The Court observed that in the light of the law declared so far by Courts, the application given by the petitioners on 11-09-2015 had to be considered qua the Rules obtaining at that point in time and not the one that was subsequently notified and now made use of to deny appointment to the 1st petitioner. Therefore, on both the counts, one being the change in the Rules and non-existence of vacancies, on which the impugned endorsement is issued is untenable and is consequently rendered unsustainable. Compassionate Appointment Rules also depict grant of appointment to the applicant on compassionate grounds in Group-C or Group-D owing to the qualification possessed.

The Court further observed that the delay of 6 years is not attributable to the petitioners as the application for compassionate appointment was given within two months after the date of death of the father. Keeping the application pending for years or months will defeat the very object of framing the Rule for grant of appointment on compassionate grounds. Therefore, the need for immediate consideration of such representations/applications for appointment on compassionate grounds is paramount.

The Court observed that if giving of an application within one year is held to be mandatory and binding on the applicant in terms of Rule 5, so would be sub-Rule (2) of Rule 6 upon the State and its instrumentalities. Though the Rule employs the words ‘as far as possible’ it is preceded by the word “shall”. Looking at the mandatory duty cast upon the applicant to file an application within one year from the date of death of the bread winner, the same duty is required to be mandatorily followed by the State in terms of sub-rule (2) of Rule-6 in the wake of the object of framing the rule and the duty that enjoins such object. Any unreasoned or unjustifiable delay on the part of the Authority competent to consider would make such Authority personally responsible to pay damages to such applicant by way of wages that the applicant would be entitled to, if an appointment had been considered and granted.

The Court thus held “Mandamus is issued to the respondents to reconsider the case of the 1st petitioner for appointment on compassionate grounds in terms of sub-rule (4) of Rule 4 of the Rules”[Hruthik N. v. Deputy Director of Public Instructions, 2021 SCC OnLine Kar 12910, decided on 12-07-2021]


Arunima Bose, Editorial Assistant has reported this brief.

Case BriefsSupreme Court

Supreme Court: In a case where a woman had sought compassionate appointment for her son 10 years after her husband had gone missing, the bench of L. Nageswara Rao and S. Ravindra Bhat, JJ refused to grant the said relief and held,

“As the object of compassionate appointment is for providing immediate succour to the family of a deceased employee, the Respondent’s son is not entitled for compassionate appointment after the passage of a long period of time since his father has gone missing.”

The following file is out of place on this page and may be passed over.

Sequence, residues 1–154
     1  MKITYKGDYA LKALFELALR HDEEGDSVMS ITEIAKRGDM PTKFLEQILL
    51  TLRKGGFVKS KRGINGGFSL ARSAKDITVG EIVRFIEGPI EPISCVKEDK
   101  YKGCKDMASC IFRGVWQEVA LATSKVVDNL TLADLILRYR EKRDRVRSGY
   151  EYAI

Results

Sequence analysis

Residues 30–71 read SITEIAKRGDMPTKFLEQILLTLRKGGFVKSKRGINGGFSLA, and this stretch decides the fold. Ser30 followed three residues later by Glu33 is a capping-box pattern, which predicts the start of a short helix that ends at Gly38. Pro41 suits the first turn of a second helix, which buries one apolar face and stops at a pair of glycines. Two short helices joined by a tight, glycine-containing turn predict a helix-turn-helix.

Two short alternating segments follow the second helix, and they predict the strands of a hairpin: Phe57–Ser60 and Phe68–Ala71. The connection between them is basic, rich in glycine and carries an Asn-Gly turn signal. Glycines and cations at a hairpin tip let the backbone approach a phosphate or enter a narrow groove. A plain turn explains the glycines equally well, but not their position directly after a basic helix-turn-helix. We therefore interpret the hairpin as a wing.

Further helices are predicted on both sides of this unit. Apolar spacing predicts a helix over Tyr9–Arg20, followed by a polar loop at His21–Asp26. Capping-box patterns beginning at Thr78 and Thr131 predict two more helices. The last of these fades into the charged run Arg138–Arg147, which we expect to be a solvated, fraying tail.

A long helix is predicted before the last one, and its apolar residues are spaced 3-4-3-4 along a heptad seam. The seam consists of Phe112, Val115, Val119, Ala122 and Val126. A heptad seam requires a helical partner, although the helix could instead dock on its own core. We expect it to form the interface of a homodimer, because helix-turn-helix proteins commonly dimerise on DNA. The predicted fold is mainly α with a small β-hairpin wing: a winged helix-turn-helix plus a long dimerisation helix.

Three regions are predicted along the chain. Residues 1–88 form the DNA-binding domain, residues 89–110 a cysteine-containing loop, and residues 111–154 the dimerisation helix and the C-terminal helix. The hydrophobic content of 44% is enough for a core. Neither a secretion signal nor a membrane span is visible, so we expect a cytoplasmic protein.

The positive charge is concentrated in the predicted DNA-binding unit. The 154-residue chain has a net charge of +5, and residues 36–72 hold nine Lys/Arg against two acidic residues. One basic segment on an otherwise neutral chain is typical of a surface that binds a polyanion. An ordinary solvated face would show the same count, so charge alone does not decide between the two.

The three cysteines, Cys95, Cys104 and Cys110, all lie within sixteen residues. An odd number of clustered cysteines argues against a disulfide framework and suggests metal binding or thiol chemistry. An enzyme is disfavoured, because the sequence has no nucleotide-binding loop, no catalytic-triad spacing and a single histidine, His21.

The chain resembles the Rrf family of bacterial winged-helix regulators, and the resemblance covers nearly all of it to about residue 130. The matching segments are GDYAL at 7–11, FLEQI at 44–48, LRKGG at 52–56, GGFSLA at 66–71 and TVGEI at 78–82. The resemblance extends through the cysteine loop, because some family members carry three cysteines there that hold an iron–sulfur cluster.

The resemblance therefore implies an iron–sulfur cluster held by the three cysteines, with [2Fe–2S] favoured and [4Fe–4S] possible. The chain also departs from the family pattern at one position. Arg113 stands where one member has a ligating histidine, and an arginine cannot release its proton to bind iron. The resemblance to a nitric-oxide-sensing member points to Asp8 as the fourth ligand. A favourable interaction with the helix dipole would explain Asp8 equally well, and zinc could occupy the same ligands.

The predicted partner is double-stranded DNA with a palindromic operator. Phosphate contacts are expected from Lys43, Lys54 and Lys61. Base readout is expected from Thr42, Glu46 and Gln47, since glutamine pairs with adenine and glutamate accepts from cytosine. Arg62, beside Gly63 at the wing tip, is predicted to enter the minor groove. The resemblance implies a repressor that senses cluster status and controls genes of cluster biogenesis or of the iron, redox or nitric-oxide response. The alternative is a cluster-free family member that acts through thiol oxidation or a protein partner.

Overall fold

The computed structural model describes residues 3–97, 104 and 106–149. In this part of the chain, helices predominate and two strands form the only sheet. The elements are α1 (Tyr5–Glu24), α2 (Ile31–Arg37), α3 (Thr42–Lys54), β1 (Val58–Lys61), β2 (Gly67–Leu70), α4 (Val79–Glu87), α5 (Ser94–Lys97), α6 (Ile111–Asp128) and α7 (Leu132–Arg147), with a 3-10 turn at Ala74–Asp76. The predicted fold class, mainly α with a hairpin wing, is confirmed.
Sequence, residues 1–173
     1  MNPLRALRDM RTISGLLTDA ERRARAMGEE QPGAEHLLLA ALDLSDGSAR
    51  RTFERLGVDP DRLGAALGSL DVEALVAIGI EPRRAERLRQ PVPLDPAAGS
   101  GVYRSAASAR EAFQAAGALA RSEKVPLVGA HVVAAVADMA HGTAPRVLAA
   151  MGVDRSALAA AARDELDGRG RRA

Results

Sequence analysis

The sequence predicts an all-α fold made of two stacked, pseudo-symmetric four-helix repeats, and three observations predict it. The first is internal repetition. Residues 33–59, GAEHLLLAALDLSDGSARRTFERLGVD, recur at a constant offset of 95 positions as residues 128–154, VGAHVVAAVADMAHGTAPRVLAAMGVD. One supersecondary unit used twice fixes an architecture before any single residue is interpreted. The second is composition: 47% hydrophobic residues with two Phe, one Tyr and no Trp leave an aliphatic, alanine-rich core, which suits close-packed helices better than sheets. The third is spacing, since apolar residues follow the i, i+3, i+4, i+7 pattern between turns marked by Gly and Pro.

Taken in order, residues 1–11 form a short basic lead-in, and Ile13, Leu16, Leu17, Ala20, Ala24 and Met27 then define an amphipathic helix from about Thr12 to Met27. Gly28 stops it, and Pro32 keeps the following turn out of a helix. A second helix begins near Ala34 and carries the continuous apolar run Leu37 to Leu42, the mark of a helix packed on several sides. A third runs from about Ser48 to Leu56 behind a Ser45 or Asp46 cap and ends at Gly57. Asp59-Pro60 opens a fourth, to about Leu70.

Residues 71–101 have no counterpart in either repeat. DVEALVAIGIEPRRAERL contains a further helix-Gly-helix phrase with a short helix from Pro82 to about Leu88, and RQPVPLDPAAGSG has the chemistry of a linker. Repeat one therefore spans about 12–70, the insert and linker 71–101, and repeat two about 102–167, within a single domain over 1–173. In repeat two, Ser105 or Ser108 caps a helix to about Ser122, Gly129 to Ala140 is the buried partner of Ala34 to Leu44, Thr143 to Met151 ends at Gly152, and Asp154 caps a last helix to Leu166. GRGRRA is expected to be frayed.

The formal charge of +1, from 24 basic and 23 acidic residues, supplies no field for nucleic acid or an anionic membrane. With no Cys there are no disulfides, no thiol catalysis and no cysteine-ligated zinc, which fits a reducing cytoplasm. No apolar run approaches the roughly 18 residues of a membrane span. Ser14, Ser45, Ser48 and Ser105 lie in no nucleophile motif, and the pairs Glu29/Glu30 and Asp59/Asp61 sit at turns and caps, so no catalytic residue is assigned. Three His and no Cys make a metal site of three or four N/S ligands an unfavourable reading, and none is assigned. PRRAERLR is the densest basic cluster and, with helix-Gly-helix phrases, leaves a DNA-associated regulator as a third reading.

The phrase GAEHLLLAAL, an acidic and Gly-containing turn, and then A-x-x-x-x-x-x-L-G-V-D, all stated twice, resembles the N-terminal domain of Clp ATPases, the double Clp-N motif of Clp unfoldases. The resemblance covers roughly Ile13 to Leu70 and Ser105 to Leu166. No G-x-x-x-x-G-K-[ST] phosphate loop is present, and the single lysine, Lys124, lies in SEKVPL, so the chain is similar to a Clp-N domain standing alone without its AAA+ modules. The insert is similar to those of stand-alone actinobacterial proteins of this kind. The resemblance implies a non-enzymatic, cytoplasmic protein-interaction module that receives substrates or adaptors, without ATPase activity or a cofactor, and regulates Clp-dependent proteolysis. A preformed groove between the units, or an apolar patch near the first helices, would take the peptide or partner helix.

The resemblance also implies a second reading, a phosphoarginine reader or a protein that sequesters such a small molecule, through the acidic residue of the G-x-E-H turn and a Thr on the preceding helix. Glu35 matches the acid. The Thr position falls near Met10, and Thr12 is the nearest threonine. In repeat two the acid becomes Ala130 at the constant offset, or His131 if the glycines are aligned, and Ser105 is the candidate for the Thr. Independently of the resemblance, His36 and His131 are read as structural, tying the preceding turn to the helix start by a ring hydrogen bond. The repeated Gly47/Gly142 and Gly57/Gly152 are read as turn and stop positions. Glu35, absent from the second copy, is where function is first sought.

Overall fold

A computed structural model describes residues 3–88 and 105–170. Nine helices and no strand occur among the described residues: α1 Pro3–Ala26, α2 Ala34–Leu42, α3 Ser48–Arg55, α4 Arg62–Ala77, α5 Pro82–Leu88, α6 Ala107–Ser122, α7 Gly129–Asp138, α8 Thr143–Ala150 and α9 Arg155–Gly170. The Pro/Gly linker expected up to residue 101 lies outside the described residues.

Background

The respondent’s husband was an Operator, Helper Category (Category II) at Gidi Washery. He had gone missing in the year 2002. A charge-sheet was issued by Central Coalfields Limited to the Respondent’s husband for desertion of duty since 01.10.2002 and an inquiry was conducted in which the Respondent participated on behalf of her husband. On the basis of Inquiry Officer’s report, the Respondent’s husband’s services were terminated with effect from 21.09.2004.

The Respondent filed a suit in the Court of the Additional Munsif, Hazaribagh seeking a declaration of civil death of her missing husband. The said suit was decreed with effect from the date of filing of the suit i.e. 23.12.2009 by a judgment dated 13.07.2012.

The Respondent then made a representation on 17.01.2013 seeking compassionate appointment for her son which was rejected on 03.05.2013 on the ground that the Respondent’s husband was already dismissed from service and therefore, the request for compassionate appointment could not be entertained.

Jharkhand High Court’s decision

The High Court was of the opinion that the reasons given by the employer for denying compassionate appointment to the Respondent’s son were not justified. There was no bar in the National Coal Wage Agreement for appointment of the son of an employee who has suffered civil death. In addition, merely because the respondent is working, her son cannot be denied compassionate appointment as per the relevant clauses of the National Coal Wage Agreement.

Supreme Court’s ruling

Explaining the object behind grant of compassionate appointment, the Court explained,

“The whole object of granting compassionate appointment is to enable the family to tide over the sudden crisis which arises due to the death of the sole breadwinner. The mere death of an employee in harness does not entitle his family to such source of livelihood. The authority concerned has to examine the financial condition of the family of the deceased, and it is only if it is satisfied that but for the provision of employment, the family will not be able to meet the crisis that the job is offered to the eligible member of the family[1].”

However, compassionate employment cannot be granted after a lapse of reasonable period as the consideration of such employment is not a vested right which can be exercised at any time in the future.

The object of compassionate appointment is to enable the family to get over the financial crisis that it faces at the time of the death of sole breadwinner, compassionate appointment cannot be claimed or offered after a significant lapse of time and after the crisis is over.